Jump to content

Copper? Inlaid Iron Tsuba


jbeer1212
 Share

Recommended Posts

Hi Everyone,

Recently a friend of mine brought over a number of swords, and asked my opinion.  This really is not my area, though over the years I have had quite a few Nihonto and such pieces, but I do collect early Japanese and Korean ceramics and therefore people bring me literally anything related to Asia ( always a fun learning experience).

I have reached out to an acquaintance who is rather experienced in these things and he tentatively dated it to Circa 1600.  I am curious the thoughts of the members of the forum, is there a guess to the school, or examples similar to this?

The blade this was on has a silver foil Habaki ( I will take more photos tomorrow), and I suspect it is a rather old blade.

Any info or insight would be most appreciated, and I will be posting the blades and other fittings ( these swords lived a tough life and are not complete, except one type 98... a shame really) shortly but I find this to be the most pleasing for some reason.  I also apologize for the rushed photos, I will shoot better ones in the morning.

Many thanks,

Jeremy Beer

 

The width is 77mm the height 78mm and the thickness is 2mm

 

 

IMG_1110.jpg

IMG_1109.jpg

Link to comment
Share on other sites

ONIN - Possibly going back to the Muromachi period in Japan. [1336 to 1573]. So it is possible to go back 200 years on your estimate.

However many of these ancient designs were made right up to the end of the Edo period.  The thinness of the plate is a good indication of age, under 3mm is average.

 image.thumb.png.2f6ea04d0ca6a51b28801cc2d8bd3800.png

  • Like 4
Link to comment
Share on other sites

Well like a lot of Japanese designs it is often in the eye of the beholder - but I might suggest the designs are a conventionalized cloud and a snowflake.

The larger opening could also be a Tomoe [comma shape] but they are usually curved more.

You should check this site out it has a lot of information on Onin tsuba and indeed many other styles of guard. https://varshavskycollection.com/onin-tsuba/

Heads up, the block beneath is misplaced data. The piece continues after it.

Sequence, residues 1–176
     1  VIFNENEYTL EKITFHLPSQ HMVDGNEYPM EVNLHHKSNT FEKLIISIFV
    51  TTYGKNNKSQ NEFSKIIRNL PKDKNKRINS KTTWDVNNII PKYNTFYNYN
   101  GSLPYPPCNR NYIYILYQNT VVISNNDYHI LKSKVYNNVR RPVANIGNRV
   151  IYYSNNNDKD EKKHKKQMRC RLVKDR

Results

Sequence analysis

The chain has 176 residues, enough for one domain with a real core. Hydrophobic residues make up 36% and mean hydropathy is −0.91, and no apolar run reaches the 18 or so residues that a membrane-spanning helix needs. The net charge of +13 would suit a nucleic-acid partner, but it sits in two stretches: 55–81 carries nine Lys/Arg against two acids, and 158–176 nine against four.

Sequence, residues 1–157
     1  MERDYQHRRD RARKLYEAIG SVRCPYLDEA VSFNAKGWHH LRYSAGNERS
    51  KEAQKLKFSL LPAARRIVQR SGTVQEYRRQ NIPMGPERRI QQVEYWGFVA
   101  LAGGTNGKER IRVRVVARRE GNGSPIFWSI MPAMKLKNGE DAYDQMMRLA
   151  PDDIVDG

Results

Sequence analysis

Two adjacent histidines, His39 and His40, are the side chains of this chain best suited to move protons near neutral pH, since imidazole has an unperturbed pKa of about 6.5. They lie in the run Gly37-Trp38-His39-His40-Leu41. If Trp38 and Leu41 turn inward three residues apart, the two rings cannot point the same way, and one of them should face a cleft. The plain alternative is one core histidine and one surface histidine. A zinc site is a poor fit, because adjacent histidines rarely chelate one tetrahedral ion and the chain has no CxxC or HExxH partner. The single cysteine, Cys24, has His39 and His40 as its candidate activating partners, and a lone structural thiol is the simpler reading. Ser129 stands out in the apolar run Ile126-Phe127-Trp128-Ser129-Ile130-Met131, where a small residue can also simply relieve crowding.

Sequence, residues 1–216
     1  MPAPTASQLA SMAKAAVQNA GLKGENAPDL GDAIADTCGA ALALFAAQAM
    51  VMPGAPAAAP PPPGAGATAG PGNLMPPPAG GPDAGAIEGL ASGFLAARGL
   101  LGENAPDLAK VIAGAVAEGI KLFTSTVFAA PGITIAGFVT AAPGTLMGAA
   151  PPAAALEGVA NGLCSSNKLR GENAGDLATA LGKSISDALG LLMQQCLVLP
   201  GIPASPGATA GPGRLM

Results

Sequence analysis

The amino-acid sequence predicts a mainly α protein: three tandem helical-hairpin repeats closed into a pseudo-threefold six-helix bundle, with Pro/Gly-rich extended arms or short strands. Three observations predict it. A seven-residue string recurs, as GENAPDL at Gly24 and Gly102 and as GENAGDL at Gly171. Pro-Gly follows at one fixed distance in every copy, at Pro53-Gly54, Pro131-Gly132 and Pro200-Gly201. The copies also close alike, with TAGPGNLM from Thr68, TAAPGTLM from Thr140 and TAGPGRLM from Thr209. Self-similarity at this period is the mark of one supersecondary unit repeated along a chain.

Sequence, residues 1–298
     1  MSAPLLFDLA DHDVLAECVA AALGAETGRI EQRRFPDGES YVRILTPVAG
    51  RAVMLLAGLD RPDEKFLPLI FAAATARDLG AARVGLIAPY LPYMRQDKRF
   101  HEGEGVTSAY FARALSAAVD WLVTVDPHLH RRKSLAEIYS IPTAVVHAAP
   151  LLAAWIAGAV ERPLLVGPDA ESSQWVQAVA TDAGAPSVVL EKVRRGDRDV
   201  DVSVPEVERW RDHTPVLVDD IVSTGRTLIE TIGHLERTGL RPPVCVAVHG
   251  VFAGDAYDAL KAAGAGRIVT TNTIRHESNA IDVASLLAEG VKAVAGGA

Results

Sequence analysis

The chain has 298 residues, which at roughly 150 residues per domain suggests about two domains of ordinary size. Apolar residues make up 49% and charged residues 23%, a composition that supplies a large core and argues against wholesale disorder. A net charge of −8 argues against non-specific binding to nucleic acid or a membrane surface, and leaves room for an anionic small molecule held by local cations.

I was amused by one description [the first] on this site originally by Henri L. Joly  In 1910. I don't believe Ockham's Razor was a subject for Japanese tsuba makers!

 

image.thumb.png.f23799ea7a4812a19497d41dab59c1d9.png

  • Like 2
  • Thanks 1
Link to comment
Share on other sites

Dale,

Thank you so much for the replies, and the information.  I actually took a look at the Varshavsky Collection after your first reply,  Amazing wealth of knowledge.  I wonder does the thinness point to earlier?  I ask because there are two or three on there sub 3mm and the dating is mid-Muromachi period.

Also there appears to be lacquer or a coating of sorts on the iron in a few spots, very worn or flaked off, is this an original feature.

I was wondering if the second cut out was a Tomoe, but it seems to be missing the curvature and the ball end.

Thank you again.

Jeremy

Link to comment
Share on other sites

Hi Jeremy, yes it was common to have Urushi lacquer on early sword guards and it does indeed tend to flake off and leave small patches behind. From my understanding the thinness of the plate is also early work, it tended to get thicker later - someone might correct me on this and I am sure there are exceptions to the 'rule' [there generally are.]

There is an old thread here dealing with lacquer on iron tsuba.

 

  • Like 1
  • Thanks 1
Link to comment
Share on other sites

Join the conversation

You can post now and register later. If you have an account, sign in now to post with your account.

Guest
Reply to this topic...

×   Pasted as rich text.   Paste as plain text instead

  Only 75 emoji are allowed.

×   Your link has been automatically embedded.   Display as a link instead

×   Your previous content has been restored.   Clear editor

×   You cannot paste images directly. Upload or insert images from URL.

Loading...
 Share

×
×
  • Create New...